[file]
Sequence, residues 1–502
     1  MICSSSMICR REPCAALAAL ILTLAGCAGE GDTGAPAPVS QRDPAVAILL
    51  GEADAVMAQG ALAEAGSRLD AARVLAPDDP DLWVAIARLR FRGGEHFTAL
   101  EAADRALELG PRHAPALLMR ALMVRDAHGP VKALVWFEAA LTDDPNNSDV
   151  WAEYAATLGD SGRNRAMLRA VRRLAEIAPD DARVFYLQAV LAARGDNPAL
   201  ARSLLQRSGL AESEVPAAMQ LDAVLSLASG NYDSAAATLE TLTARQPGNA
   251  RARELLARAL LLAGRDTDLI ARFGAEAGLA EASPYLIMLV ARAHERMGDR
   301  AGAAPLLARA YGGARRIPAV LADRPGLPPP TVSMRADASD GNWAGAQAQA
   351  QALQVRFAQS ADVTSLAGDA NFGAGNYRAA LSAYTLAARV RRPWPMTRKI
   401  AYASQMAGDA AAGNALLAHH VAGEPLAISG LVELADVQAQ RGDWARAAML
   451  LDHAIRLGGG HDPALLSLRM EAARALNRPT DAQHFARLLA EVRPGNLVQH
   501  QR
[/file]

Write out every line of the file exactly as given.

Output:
Sequence, residues 1–502
     1  MICSSSMICR REPCAALAAL ILTLAGCAGE GDTGAPAPVS QRDPAVAILL
    51  GEADAVMAQG ALAEAGSRLD AARVLAPDDP DLWVAIARLR FRGGEHFTAL
   101  EAADRALELG PRHAPALLMR ALMVRDAHGP VKALVWFEAA LTDDPNNSDV
   151  WAEYAATLGD SGRNRAMLRA VRRLAEIAPD DARVFYLQAV LAARGDNPAL
   201  ARSLLQRSGL AESEVPAAMQ LDAVLSLASG NYDSAAATLE TLTARQPGNA
   251  RARELLARAL LLAGRDTDLI ARFGAEAGLA EASPYLIMLV ARAHERMGDR
   301  AGAAPLLARA YGGARRIPAV LADRPGLPPP TVSMRADASD GNWAGAQAQA
   351  QALQVRFAQS ADVTSLAGDA NFGAGNYRAA LSAYTLAARV RRPWPMTRKI
   401  AYASQMAGDA AAGNALLAHH VAGEPLAISG LVELADVQAQ RGDWARAAML
   451  LDHAIRLGGG HDPALLSLRM EAARALNRPT DAQHFARLLA EVRPGNLVQH
   501  QR